The A-Team: Unrated Extended Cut (20th Century Fox Home Entertainment, rated PG-13, $39.99)  Another iconic television show met the Hollywood adaptation gristmill this past summer to offer an action-packed, star-studded movie loaded with testosterone and explosive excess for the popcorn-munching crowd.

Viewers can watch an epic cut of the film on Blu-ray, clocking in at two hours and 15 minutes, to learn the origins of an elite mercenary team made up of Col. Hannibal Smith (Liam Neeson), Lt. “Faceman” Peck (Bradley Cooper), B.S. Baracus (Quinton “Rampage” Jackson) and Capt. H.M. Murdock (Sharlto Copley).

Director Joe Carnahan delivers some spectacular and corny action scenes, not limited to the boys fighting off hostile aircraft while inside a tank tethered to a parachute in midair, and a wild helicopter ride from pilot Murdock.

Unfortunately, too many subplots play out as a compacted version of multiple episodes of the TV series, crashing this potential roller-coaster ride.

Mr. Copley is a riot as Murdock, often carrying the laughs, and I did appreciate the vibe that kept the movie in the spirit of the original material. Mr. Carnahan, however, keeps trying to outdo himself with each effects-heavy scene until he runs out of gas at the worst possible time, the end of the film.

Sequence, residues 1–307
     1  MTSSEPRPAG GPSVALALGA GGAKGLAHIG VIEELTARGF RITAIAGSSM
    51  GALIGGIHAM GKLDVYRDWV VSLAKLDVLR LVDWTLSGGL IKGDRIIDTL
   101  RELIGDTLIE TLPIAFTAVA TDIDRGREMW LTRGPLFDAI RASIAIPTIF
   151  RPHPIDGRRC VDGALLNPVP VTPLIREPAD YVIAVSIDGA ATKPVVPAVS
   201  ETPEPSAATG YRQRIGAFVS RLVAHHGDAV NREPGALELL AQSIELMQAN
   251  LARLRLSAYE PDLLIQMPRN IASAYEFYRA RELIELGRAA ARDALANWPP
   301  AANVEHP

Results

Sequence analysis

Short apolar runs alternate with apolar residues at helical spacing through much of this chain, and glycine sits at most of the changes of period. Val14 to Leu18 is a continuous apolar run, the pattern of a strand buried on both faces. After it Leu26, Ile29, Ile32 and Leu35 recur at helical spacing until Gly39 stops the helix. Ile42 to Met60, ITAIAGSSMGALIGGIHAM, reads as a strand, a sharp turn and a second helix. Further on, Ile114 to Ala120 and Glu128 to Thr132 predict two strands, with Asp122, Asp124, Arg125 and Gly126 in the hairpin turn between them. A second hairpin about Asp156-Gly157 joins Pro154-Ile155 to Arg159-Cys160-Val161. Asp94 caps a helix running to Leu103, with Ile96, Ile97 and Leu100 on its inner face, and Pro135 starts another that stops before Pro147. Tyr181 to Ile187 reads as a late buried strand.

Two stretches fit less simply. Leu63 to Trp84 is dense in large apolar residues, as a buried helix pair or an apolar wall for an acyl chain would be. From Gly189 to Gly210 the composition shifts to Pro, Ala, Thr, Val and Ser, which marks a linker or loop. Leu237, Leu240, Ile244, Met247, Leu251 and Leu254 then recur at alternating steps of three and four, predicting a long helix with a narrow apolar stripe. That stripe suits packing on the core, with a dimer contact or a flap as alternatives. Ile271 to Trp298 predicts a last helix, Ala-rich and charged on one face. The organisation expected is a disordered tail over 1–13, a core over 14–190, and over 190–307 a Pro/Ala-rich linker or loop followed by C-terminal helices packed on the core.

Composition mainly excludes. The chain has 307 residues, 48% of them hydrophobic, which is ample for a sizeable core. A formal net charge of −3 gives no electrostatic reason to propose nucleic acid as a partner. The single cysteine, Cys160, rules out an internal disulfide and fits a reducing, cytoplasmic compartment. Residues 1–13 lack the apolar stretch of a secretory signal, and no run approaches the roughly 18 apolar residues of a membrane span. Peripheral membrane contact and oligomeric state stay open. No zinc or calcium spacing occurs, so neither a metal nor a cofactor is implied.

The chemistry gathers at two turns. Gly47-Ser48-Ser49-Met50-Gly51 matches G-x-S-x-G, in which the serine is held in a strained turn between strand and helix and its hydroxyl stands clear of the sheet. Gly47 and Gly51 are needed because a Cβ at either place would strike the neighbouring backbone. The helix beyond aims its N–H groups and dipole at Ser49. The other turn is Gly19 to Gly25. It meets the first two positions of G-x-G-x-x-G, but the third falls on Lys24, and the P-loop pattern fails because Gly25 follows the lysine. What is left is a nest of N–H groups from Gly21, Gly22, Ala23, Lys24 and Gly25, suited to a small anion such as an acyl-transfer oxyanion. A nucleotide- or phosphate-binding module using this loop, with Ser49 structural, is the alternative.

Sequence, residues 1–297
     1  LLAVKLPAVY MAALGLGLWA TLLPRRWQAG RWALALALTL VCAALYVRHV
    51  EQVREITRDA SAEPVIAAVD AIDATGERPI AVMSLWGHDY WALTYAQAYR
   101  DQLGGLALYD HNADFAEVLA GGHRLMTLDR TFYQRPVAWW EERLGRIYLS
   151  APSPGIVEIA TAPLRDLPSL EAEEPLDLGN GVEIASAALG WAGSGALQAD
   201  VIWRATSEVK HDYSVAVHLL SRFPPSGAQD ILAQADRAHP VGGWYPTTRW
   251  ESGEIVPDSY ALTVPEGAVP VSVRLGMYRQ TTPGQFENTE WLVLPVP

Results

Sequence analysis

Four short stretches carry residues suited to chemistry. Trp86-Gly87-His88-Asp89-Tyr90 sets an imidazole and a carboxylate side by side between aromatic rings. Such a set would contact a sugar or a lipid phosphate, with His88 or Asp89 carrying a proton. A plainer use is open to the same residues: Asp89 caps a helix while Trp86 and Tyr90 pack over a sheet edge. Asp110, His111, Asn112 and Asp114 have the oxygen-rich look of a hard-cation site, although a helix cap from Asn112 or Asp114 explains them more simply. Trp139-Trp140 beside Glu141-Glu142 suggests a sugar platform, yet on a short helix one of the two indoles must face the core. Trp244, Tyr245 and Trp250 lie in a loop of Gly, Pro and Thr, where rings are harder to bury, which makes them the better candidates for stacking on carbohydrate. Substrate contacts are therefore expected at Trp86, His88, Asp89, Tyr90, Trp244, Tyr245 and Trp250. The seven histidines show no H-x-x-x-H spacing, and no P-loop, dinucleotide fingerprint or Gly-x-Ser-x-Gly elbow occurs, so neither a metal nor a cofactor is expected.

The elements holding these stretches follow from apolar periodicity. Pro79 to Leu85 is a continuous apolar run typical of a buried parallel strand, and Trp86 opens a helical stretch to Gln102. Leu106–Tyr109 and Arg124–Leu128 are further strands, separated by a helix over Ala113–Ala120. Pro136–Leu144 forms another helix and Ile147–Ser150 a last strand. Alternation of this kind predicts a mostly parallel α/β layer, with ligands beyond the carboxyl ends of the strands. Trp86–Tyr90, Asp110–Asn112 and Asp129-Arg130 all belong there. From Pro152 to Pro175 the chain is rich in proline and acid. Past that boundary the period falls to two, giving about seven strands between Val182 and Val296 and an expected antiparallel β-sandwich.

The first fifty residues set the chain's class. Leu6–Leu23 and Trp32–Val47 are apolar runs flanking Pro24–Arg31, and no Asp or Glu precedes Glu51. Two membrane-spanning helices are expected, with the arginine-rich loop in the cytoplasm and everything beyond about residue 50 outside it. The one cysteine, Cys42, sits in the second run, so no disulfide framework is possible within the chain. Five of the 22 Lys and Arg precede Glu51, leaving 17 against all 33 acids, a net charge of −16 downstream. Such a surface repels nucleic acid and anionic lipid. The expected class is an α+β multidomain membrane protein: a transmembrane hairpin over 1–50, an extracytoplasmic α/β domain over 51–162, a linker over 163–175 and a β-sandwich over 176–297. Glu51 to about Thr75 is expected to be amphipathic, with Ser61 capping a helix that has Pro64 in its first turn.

Overall, “The A-Team” is a great rental, if it just takes me back to when the original A-Team and Mr. T were a pop-culture phenomenon thanks to comic books, action figures and even popsicles all tied to their weekly adventures.

Best extras: 20th Century Fox mimics and almost tops Warner Home Video’s Maximum Movie Mode with the Blu-ray exclusive feature “Devil’s in the Details” as viewers get to watch the theatrical version of the film with the director.

Mr. Carnahan sits in a chair to introduce moments (while the film plays on the back of a warehouse wall) and uses a collection of magical on-screen boxes to cut to animatics and storyboards, behind-the-scenes footage or visual-effects sequences. He jibber-jabbers during the entire film with his meat-and-potatoes-style delivery and has plenty of minutiae to offer about the good and bad of the filmmaking process.

The experience does not end there. Viewers also can keep track of any of the A-Team’s complex plans along with the team members involved by looking at a ticker at the bottom of the screen. More entertaining, the top of the screen offers a dashboard for abbreviated fact access to the weapons and vehicles used in the movie, such as the 1994 Chevrolet G20 van and Bushmaster XM15-E2S M4 carbine, available throughout the screening.

Read all about it: IDW Publishing offered two four-issue comic-book miniseries tied to the movie, A-Team: Shotgun Wedding and A-Team: War Stories. Both, plotted with help from the film’s director, are available in trade paperback ($17.99 each). 

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• Joseph Szadkowski can be reached at jszadkowski@washingtontimes.com.